Tuesday, April 2, 2019

Miriam Toews' Irma Voth and Tara Westover's Educated: On Patriarchal Religion and Misogynistic Violence

It's by accident — or synchronicity — that I happen to have read Miriam Toews' novel Irma Voth at the same time that I'm reading Tara Westover's Educated. Toews' book explores the lives of several young women and girls in a Mennonite family in Mexico, which previously had roots in Manitoba (and before that in Russia). Westover focuses on her experiences growing up in a survivalist Mormon family in Idaho.

A theme that ties these two books together in a decisive way: the overbearing, violent treatment of women dished out by men in two patriarchal, cut-off religious groups intensely suspicious of the outside world and of government, groups in which men rule the roost and can dispose of the lives of their wives and daughters as they please. I don't mean to pick on either Mormons or Mennonites in making this observation. It can apply equally well to many other religious communities. As I have shared in a previous posting mentioning Westover's book, I have encountered — close up — a Catholic version of the same phenomenon.

In that posting, I noted the anti-science, anti-conventional medicine, anti-schools, anti-government stance of these interlinked movements that cross denominational (and religious) lines. What strikes me powerfullly as I read Toews side by side with Westover is the toxic patriarchy of these groups, the abuse inflicted on women, who spend their lives — in both Westover's Mormon telling of this story and Toews' Mennonite telling of it — trying to escape from the confines that patriarchal control imposes on them, trying to find some sense of self that transcends the confines of the independent-woman-as-whore definition with which Westover contended mightily when she chose to live her own life apart from her family and religious community.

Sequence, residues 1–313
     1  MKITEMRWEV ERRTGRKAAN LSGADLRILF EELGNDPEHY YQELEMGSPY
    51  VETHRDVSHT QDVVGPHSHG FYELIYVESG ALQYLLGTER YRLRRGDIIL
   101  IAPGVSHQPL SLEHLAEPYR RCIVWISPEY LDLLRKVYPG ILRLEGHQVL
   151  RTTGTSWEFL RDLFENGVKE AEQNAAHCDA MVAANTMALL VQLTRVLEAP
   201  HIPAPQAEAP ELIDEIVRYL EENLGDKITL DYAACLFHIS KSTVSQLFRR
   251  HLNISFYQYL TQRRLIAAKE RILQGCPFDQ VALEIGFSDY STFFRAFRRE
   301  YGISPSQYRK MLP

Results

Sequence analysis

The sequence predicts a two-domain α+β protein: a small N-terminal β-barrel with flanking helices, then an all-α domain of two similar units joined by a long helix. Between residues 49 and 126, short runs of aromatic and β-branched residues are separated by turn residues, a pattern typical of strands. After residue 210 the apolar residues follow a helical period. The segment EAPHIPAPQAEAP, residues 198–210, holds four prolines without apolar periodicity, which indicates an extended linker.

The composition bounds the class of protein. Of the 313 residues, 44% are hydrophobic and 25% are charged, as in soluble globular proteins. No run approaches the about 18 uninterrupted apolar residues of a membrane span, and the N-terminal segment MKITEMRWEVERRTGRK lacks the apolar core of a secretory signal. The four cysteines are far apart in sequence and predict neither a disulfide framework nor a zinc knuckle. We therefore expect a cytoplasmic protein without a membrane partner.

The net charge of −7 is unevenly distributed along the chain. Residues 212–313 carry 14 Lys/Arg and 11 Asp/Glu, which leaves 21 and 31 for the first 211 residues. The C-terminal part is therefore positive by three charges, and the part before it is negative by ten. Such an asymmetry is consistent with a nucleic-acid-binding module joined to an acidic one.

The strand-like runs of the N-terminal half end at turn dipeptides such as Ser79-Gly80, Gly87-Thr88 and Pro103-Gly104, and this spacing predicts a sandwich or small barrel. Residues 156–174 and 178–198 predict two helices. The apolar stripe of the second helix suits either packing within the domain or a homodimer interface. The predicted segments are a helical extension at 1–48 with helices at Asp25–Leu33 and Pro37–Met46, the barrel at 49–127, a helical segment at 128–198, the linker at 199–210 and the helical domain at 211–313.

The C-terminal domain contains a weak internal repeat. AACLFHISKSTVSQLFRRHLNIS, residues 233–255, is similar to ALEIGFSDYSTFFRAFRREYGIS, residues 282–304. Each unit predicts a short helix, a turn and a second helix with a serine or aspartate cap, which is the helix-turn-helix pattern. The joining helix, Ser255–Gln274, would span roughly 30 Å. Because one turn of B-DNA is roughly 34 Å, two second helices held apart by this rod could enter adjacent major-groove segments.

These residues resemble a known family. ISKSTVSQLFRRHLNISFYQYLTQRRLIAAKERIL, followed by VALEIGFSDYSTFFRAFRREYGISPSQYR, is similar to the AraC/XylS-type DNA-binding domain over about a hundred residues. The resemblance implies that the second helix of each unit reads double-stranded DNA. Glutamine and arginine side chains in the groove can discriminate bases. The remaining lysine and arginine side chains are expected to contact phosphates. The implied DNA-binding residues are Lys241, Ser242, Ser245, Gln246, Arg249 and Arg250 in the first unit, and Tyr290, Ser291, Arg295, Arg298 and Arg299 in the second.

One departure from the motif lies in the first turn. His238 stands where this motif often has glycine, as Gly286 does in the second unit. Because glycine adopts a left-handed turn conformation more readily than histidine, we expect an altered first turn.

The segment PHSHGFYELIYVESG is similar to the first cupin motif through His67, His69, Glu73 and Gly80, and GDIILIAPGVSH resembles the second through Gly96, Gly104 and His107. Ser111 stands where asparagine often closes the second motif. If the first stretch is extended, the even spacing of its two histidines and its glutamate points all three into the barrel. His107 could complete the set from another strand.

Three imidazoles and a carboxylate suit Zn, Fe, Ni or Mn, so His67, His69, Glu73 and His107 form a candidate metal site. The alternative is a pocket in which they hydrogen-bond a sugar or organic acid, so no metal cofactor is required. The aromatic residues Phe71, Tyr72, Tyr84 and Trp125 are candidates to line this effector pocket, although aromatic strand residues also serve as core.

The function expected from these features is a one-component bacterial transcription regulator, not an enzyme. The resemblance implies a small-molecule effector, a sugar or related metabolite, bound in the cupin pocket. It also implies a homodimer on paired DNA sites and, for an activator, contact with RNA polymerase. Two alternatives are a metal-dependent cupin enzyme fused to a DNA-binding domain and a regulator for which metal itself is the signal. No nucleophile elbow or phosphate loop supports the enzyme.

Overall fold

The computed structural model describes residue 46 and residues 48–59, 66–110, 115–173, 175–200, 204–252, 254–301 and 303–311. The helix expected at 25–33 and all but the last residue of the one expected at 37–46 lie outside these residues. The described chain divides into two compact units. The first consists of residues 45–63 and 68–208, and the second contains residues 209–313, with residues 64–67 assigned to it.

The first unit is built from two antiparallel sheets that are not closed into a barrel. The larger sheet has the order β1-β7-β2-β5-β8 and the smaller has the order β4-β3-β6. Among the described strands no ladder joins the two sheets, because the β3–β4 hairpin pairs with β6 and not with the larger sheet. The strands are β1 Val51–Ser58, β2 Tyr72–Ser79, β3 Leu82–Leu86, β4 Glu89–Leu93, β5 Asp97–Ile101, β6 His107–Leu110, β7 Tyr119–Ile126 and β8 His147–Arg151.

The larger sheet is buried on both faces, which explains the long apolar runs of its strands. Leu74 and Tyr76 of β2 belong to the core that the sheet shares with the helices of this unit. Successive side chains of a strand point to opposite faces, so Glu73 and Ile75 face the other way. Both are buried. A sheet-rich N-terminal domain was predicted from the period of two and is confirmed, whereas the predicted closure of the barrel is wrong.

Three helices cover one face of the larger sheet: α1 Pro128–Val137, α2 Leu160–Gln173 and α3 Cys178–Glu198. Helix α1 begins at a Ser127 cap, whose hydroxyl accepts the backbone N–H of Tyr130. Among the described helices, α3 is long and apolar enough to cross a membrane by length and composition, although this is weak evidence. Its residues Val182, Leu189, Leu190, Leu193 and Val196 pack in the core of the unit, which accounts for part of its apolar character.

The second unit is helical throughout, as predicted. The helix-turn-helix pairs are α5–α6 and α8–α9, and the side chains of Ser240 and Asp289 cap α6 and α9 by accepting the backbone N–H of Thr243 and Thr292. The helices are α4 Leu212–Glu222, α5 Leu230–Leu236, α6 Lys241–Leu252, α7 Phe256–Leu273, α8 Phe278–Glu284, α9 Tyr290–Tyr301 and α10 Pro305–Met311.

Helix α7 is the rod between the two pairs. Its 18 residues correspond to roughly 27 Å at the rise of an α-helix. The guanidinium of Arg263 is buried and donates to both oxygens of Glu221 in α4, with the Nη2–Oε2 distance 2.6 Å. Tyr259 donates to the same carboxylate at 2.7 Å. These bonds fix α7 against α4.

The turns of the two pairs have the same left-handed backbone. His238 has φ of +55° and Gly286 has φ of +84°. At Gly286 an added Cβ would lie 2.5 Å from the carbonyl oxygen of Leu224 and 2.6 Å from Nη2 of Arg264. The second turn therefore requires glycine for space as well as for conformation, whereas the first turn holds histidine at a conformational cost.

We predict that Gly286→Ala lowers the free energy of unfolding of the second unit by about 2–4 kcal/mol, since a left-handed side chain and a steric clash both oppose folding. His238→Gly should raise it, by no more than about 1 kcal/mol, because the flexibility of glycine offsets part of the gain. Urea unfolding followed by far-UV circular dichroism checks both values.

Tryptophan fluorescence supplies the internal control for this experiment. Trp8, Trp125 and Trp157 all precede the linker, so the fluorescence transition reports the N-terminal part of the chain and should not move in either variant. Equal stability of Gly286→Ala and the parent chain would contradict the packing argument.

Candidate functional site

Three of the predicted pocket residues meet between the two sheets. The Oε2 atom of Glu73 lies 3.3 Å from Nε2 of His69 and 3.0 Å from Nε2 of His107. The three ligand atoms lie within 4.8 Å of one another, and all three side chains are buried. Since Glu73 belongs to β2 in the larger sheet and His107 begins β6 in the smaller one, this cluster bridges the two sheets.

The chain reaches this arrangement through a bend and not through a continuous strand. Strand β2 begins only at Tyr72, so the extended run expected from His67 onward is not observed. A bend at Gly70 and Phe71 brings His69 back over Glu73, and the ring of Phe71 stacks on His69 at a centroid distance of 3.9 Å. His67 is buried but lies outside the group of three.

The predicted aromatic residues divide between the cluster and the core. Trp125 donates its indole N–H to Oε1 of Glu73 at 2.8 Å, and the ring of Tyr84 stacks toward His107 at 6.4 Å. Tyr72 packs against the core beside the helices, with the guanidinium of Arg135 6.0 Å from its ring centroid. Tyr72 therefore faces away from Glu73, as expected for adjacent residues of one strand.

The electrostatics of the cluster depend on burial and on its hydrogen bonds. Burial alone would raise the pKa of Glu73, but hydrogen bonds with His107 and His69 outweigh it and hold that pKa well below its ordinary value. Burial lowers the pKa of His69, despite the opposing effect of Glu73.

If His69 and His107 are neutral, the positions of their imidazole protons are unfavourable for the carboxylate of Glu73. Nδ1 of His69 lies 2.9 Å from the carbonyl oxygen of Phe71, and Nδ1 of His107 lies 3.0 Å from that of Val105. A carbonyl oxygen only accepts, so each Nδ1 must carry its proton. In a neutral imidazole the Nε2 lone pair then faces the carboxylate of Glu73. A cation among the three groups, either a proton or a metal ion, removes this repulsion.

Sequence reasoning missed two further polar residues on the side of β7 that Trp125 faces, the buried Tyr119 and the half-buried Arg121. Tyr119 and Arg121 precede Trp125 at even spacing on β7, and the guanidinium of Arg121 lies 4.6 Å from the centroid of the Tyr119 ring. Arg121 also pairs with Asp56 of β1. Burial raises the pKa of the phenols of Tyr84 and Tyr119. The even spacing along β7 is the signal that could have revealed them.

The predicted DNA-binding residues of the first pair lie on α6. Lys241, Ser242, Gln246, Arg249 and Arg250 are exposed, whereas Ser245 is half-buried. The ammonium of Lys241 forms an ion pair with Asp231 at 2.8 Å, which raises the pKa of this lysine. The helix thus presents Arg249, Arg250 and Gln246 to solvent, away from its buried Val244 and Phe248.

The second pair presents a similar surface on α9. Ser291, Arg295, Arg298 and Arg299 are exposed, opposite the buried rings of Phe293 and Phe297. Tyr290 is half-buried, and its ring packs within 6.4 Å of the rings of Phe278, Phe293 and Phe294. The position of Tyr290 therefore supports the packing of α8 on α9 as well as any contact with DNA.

I'm speaking of women fortunate enough to escape, of course. Both Westover and Toews note that many women raised in these misogynistic patriarchal communities never have that chance, or collude in their denigration, yielding their minds, independence, futures, and very lives to the men who control them in the name of God. 

Nor do I think this is a problem confined only to sectarian, cut-off religious movements. Though many liberals in the U.S. refuse to see or to admit this, religious groups that transcend the sectarian, cut-off, cultic definition of religion can and do also nurture rancid misogyny — and that rancid misogyny was on full display in the 2016 election in the U.S. It helped bring us our current president. The large majority of the white Christians who pulled the lever for Trump in that election — more than half of white Christians across the board — professed that they could not choose Hillary Clinton because they are "pro-life." But that claim enfolded (and concealed) deep distrust of women and deep suspicion that God has not ordained women to lead nations, corporations, religious groups, what have you.